The Columbia Falls City Council Monday night approved a zone change that would allow a homeowner to add a garage or basement apartment up to 800 square feet in size.
A homeowner could also apply for a conditional use permit to build an even larger dwelling, provided it fits other city zoning regulations, including setbacks and total lot development.
The council also approved expanded uses for the rental — vacation rentals would be allowed, provided the homeowner gets the necessary permits from the city.
Vacation rentals are an increasingly attractive way for homeowners to earn additional income from their properties.
The city-county planning board last month approved a similar zone change, but it was limited in scope to a 600 square foot apartment and the rental had to be a month or longer. The idea, city planner Eric Mulcahy said, was to provide more affordable housing in the city.
But council received one letter and also heard testimony from Brandon and Jessica Rice. The Rices live outside the city limits, but in the city’s planning jurisdiction. They said a vacation rental that could also be used for family members if need be would be a good option.
Councilman Mike Shepard noted that the city’s setback requirements would be a limiting factor in apartment development. Apartments also have to show they have enough off-street parking.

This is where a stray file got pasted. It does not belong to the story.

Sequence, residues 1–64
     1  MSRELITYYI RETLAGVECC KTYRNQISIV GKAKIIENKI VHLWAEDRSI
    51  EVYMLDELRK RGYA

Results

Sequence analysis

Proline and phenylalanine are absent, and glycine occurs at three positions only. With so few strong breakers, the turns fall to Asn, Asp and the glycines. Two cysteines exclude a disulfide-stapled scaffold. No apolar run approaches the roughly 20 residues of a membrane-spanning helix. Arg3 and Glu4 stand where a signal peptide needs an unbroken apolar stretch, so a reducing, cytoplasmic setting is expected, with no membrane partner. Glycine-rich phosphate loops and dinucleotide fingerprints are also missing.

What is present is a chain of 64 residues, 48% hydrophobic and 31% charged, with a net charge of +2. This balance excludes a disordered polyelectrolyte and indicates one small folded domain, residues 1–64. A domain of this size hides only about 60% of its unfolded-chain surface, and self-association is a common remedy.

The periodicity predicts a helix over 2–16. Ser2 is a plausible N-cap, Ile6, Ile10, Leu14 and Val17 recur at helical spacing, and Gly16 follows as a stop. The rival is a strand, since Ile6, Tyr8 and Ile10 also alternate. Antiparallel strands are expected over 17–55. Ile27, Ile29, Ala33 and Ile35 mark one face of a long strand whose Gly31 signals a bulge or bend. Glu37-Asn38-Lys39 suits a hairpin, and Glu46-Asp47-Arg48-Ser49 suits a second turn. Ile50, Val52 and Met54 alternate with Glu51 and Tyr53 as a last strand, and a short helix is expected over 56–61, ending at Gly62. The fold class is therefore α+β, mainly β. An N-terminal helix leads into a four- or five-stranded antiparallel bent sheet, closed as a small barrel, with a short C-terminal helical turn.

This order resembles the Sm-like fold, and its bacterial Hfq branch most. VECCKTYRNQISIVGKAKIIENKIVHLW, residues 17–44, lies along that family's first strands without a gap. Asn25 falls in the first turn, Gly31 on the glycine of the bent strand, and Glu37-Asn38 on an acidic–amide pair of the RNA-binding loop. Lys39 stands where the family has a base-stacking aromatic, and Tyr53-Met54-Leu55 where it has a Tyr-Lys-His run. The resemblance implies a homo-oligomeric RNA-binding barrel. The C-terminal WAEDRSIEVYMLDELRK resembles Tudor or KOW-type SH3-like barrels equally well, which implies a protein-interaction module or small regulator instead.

Council agreed and voted unanimously to tweak the zoning regulations. They also approved zoning regulations in suburban-agricultural districts that bring them in-line with county regulations.
In other news:
• The council approved a conditional use permit for the owners of the former Bandit Bar to expand the number of gaming machines from 12 to 20.
• City manager Susan Nicosia noted the city is eyeing upgrades to both its sewage treatment plant and water system. The city is considering adding another well, among other improvements. Those improvements could mean a rate increase. Water rates haven’t gone up in 12 years, she noted. Council will take a look at the options in the coming weeks before having a public hearing on possible rate increases.